"A full blown job guarantee would mitigate the risk, but nothing is perfect." Yes, let's have another policy to clean up the mess we anticipate our first policy will create. On the positive side, I suppose you are giving Conservatives something to cut when they come in after you.

"...the alternative is paralysis." No, the alternative is 'first, do no harm'. Works for doctors. I appreciate that you want to make an omelette and that you'll need to break some eggs to do so. You haven't convinced me that I want an omelette. The task is not to convince me you know how to cook one.

aragon

Trickle down ?
A more equal distibution of wealth by increasing the income of the poor.

http://www.guardian.co.uk/film/2013/feb/02/inequality-for-all-us-economy-robert-reich

"Half of the US's total assets are now owned by just 400 people – 400! – and, Reich contests that this is not just a threat to the economy, but also to democracy."

I know what society live in, and the policies to change the status quo.

You may have a different Weltanschauung.

Staberinde

"A more equal distribution of wealth by increasing the income of the poor."

Don't confuse wealth with income.

The proposal for a living wage isn't funded by a raid on the 1%'s mansions, it's funded by 160,000 low earners losing their jobs.

The argument you want to make is that unemployment will be short-term in nature, and that the increased spending of those on higher wages will create replacement jobs.

In a booming economy, you might be able to run with that - it was the experience of the minimum wage. If, however, we're at the beginning of a generation of low-to-no growth, you might find these households saving rather than spending. This would benefit corporate balance sheets rather than stimulating low-end employment.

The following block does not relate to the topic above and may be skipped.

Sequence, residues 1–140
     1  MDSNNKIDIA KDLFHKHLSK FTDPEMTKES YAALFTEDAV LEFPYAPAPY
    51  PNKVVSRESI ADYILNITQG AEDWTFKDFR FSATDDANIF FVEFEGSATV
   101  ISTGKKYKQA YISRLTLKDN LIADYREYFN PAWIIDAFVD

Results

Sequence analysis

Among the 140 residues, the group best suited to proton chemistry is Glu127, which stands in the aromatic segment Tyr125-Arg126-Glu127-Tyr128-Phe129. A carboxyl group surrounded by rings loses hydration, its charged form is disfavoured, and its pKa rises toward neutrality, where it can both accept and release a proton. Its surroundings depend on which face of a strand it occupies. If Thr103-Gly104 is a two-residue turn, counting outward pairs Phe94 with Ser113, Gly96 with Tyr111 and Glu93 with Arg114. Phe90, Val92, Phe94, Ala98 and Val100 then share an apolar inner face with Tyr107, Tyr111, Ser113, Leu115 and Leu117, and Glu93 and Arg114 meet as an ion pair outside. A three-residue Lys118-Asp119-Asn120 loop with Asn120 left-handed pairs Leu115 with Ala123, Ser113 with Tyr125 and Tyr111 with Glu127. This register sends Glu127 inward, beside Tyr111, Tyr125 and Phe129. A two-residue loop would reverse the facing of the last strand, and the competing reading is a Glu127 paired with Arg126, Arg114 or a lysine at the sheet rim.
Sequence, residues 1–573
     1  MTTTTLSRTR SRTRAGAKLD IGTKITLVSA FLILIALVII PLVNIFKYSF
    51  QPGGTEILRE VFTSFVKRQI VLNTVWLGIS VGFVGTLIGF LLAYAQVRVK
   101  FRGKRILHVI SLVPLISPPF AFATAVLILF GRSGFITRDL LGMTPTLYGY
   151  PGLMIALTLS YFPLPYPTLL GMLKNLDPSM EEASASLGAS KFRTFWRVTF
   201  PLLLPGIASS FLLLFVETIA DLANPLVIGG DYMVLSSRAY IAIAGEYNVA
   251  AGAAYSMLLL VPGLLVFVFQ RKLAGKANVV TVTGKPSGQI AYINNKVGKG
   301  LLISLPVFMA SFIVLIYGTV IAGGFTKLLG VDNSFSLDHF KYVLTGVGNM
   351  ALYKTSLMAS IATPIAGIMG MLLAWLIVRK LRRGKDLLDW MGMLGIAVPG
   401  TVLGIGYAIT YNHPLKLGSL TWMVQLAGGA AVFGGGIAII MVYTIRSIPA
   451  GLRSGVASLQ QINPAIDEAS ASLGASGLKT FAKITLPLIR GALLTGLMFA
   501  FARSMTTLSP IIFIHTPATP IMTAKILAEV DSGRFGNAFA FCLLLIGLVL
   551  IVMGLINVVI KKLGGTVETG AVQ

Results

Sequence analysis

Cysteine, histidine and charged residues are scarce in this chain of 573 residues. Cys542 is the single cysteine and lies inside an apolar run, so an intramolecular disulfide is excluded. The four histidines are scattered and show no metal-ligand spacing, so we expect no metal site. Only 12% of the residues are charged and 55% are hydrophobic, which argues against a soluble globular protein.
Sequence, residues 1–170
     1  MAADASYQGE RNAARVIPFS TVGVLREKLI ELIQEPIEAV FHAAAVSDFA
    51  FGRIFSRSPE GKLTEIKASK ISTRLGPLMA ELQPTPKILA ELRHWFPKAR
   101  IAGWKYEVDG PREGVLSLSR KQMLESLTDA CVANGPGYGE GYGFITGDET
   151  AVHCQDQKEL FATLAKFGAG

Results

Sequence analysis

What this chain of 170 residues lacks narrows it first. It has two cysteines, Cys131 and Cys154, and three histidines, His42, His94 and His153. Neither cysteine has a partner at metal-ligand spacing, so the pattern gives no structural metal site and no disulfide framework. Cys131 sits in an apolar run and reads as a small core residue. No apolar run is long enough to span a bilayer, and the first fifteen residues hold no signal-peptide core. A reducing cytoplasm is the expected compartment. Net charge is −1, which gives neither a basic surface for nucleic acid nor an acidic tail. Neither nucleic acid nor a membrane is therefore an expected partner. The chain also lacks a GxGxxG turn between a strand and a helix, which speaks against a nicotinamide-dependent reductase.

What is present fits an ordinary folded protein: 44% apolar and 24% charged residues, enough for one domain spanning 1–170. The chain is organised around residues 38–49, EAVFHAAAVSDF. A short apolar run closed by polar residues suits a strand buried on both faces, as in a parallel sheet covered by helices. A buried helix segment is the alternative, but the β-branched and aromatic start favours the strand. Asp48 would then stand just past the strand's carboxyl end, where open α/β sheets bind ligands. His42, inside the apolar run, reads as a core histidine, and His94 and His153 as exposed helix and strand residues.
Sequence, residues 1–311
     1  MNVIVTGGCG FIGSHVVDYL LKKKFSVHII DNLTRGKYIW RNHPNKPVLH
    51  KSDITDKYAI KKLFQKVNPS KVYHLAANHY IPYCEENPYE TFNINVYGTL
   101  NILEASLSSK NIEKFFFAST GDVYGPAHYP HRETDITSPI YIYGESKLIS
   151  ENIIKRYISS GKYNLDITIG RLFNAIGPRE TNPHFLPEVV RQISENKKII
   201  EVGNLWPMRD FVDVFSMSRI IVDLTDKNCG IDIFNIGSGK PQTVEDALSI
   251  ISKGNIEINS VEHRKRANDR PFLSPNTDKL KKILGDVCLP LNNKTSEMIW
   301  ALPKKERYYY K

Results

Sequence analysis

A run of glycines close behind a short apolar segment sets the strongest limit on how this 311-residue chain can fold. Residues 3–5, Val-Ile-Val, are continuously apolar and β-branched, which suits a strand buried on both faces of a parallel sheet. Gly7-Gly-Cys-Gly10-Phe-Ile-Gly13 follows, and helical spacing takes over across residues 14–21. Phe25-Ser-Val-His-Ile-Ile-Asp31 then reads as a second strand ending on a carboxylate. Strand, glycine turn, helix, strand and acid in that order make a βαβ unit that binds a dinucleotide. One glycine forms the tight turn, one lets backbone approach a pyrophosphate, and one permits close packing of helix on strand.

Now, you might welcome a living wage which reduces household indebtedness at the expense of 160,000 jobs. But I struggle to see the difference between this and, say, a Tory government cutting public sector employment to make debt repayments.

Edward Lambert

In the US, the natural rate of unemployment has risen over 2% just from falling labor share of income. Thus, if real wages are raised, you would gain back 2% employment. Here is a link to my work...
https://docs.google.com/folder/d/0BzqyF_-6xLVEelhXNXFHdmhYMjQ/edit#docId=0BzqyF_-6xLVELWVQUkpPa1pEN1k

aragon

Apart from Edwards argument.

The coporate sector would be funding the wages including reduction in public sector subsidy. The worse case consequance is the loss of 160,000 jobs,

Fiscal stimulus and a full blown Job Guarantee are policies that could mitigate this worst case scenario.

Circulating money from the coporates, via the low paid and public sector, will generate economic activity.

Other policies increase capital spending and direct support for the unemployed (Job Guarantee). I don't have a deficit fetish, I would increase public spending.

The Tories wish to make reductions in the public debt (deficit) through public sector job (spending) reductions, not household (private) debt.

Reducing household debt and savings are net increases in wealth for the public.

Min

Instead of mandating a living wage, how about having the gov't offer jobs at that wage to everyone who wants one? (If, for some people at some times and places, a job would not be available, they could be paid for showing up for work. That would be like a basic income, but could still be regarded as fair. :))

aragon

Min

That is what a full blown Job Guarantee would do if the minimum wage was set at the same rate as the living wage.

The Labour party is currently proposing a limited Job Guarantee after two years unemployment at the minimum wage and for six months duration.

Nike Lebron 10

I won't wish the wish you wish to wish.

The comments to this entry are closed.

Why S&M?

Blog powered by Typepad